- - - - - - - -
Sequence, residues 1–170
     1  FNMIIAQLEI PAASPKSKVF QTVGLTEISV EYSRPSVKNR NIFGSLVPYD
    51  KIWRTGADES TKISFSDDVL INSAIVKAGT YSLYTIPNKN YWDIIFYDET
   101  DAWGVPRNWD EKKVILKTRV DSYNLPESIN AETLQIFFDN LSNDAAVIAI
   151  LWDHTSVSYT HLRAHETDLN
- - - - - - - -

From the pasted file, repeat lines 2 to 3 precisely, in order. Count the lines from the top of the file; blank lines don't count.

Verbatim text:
     1  FNMIIAQLEI PAASPKSKVF QTVGLTEISV EYSRPSVKNR NIFGSLVPYD
    51  KIWRTGADES TKISFSDDVL INSAIVKAGT YSLYTIPNKN YWDIIFYDET